I’m not sure if our youngsters who have scored distinctions for their “Mother Tongue” can uncover the nuances of what is said in the video below. To me, the inconspicuous truth behind all that pontification vis-a-vis the continued detention of the SAF’s Terrex vehicles is quite telling.
Singapore is merely using land rented from Taiwan to train troops. You can’t in all fairness, see that as a bigger affront to the concept of one-China when the US had allowed Taiwanese presidents to step on its soil and even held high level talks with them. Chinese political dissidents and even fugitives have been allowed to stay in the US. The Dalai Lama has been allowed in the US, for crying out loud. Don’t these actions deserve more punitive action from China? Does this guy have any sense of proportion making mountains out of molehills for one country while ignoring the elephant in the room for another?
I cringed when the word “law” was uttered by our minister. Does our friend in the video look like he’ll respect an international tribunal’s verdict? This guy seems to have no recollection of recent history, apparently thinking that modern China as we know it now, emerged from a vacuum. A bit like our fishing village to metropolis narrative? Well, go back 30 years and you’ll see that various groups in the US were calling for economic sanctions against China due to its lack of democracy and poor human rights record. I remember very well that Singapore was one of the countries that fought tooth and nail for “constructive engagement” with China and Myanmar. Where was buddy Duterte then? Probably singing the same tune with the China boycotters.
Our media, instructed by our very helpful leaders, even blasted a highly contrived set of values known as the “Asian Way” to band support from countries in the region. Even more absurd, was a superior brand of “Asian journalism” that is balanced, constructive and non-sensational. Autocrats like Mahathir quickly jumped on the bandwagon and we were besties until …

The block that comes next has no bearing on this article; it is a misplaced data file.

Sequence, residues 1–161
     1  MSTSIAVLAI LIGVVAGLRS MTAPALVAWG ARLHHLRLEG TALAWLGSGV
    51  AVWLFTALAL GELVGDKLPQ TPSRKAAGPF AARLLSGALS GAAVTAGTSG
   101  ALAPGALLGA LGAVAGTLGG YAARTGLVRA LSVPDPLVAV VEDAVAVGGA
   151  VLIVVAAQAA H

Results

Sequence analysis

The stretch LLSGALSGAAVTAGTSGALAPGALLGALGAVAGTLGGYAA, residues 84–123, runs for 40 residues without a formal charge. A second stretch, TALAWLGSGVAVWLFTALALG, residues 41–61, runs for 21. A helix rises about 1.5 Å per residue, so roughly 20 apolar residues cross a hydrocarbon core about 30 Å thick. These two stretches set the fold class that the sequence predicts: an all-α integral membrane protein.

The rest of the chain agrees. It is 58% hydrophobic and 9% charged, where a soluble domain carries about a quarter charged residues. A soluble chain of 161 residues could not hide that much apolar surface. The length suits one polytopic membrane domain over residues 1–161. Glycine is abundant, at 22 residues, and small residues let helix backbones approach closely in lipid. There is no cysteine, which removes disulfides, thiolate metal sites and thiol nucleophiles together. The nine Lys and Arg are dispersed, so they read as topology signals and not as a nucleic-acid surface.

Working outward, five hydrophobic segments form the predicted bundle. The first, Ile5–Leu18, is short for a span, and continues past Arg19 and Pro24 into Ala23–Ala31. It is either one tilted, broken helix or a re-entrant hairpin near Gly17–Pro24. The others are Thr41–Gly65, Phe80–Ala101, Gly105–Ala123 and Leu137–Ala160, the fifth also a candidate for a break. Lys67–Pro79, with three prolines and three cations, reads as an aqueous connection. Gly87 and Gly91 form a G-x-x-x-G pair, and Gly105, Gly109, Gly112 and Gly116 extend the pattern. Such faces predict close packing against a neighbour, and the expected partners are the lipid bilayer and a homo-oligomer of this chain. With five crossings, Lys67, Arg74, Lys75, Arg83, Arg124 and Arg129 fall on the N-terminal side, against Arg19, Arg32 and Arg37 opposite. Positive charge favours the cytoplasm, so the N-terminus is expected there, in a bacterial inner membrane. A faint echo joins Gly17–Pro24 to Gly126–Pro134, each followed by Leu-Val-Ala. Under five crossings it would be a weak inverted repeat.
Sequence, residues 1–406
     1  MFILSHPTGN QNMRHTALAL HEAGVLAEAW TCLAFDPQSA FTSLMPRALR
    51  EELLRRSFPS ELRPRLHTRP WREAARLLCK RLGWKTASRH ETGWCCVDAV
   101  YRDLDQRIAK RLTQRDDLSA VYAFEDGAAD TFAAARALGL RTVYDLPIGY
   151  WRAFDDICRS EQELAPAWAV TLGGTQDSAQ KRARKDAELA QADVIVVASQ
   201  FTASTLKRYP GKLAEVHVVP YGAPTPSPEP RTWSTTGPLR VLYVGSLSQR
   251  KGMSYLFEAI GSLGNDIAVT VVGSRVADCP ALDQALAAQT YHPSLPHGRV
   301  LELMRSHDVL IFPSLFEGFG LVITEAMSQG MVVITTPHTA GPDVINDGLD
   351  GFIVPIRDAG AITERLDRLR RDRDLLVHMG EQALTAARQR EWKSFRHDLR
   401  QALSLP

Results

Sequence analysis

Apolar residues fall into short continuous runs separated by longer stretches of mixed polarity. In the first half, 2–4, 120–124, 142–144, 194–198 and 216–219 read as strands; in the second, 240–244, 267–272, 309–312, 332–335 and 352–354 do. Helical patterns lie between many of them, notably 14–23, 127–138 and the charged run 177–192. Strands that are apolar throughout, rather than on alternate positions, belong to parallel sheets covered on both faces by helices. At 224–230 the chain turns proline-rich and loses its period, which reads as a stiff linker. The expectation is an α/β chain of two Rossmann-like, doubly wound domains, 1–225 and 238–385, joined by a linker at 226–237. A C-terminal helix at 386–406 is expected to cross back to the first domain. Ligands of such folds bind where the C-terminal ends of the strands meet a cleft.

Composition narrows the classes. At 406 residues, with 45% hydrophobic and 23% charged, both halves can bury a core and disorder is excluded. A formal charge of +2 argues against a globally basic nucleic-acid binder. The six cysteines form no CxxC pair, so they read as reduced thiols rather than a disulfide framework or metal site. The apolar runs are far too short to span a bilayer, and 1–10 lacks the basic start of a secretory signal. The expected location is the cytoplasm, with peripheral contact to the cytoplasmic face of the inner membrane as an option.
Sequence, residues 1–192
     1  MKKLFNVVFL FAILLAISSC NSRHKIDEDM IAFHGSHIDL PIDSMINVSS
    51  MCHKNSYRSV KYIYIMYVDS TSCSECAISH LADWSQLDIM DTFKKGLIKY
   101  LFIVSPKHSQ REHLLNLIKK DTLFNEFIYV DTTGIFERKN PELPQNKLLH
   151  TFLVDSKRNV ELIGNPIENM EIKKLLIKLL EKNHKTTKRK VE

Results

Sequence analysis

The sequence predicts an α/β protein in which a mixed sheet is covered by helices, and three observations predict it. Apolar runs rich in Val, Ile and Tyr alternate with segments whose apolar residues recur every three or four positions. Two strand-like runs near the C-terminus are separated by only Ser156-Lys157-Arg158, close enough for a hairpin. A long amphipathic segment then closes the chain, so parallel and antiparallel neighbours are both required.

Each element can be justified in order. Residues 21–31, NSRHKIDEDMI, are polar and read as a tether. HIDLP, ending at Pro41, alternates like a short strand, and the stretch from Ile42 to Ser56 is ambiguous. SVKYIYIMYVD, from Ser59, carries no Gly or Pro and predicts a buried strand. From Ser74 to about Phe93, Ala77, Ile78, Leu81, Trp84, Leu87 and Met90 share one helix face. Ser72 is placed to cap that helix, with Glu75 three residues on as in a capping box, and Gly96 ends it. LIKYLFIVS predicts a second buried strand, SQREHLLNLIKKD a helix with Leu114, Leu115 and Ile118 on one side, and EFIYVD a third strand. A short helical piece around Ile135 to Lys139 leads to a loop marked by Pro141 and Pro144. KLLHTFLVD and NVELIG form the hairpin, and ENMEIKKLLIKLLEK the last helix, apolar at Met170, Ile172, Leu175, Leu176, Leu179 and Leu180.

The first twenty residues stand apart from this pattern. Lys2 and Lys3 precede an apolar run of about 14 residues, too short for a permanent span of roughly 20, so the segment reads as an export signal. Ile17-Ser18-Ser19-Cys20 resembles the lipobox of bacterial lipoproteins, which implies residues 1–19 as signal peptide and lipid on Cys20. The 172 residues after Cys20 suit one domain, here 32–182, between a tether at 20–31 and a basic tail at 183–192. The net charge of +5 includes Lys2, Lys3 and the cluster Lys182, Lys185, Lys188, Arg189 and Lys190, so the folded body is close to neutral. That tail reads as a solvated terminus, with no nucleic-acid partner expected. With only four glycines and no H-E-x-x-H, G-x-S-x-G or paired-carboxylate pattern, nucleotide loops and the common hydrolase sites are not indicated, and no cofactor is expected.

We made it very clear – we’re “Asians” and we don’t mix politics and human rights issues with business. Those who argued that justice and human rights transcend all creeds and cultures there’s only good journalism and bad journalism … were ridiculed and deemed to be brainwashed by the Western media. Before the internet became ubiquitous, there was practically no room for meaningful discussion. And Singapore went further than that. Since my JC days, we were encouraged to use our pinyin names. Char kway teow became chao guo tiao and ang pow became hong bao in our English newsPAPers. China was treated like a long-lost brother to whom we owe backdoors, short cuts and scholarships with no obligations. Such concerns were often ignored by the majority of Singaporeans running the rat race and flipping properties. Sadly, my faith in karma is soon proven.
It’s a painful, insulting irony, but when our leaders mention the rule of law now, Chinese netizens who believe that they don’t owe their early overseas investors any favours lash out at us, claiming that we’ve become “Westernised” and disloyal to our “roots”. Again, I’m not surprised. There’s probably something about the “Asian Way” that we haven’t really grasped. The only thing that surprised me and made me go yao mo gao chor ah was our Prime Minister writing to Hong Kong’s Chief Executive CY Leung asking for the vehicles back. Does this call for tears or laughter?
Rui En’s “do you know who I am?” may be open to various interpretations, but when China asks “do you know who I am?”, there is really no ambiguity as to what they are trying to say. I wish my old friends’ attitudes will never change regardless of how rich or successful they have become. Happily, the majority of them have not disappointed me. But from day one, I’ve realised that if China were a person, I will do business with him, but I will never treat him like a confidante, much less swear eternal brotherhood like Liu Bei, Guan Yu and Zhang Fei. Yes, we know what China means when they ask if we know who they are or rather what they have become. Hopefully, karma will bite again.
© Chan Joon Yee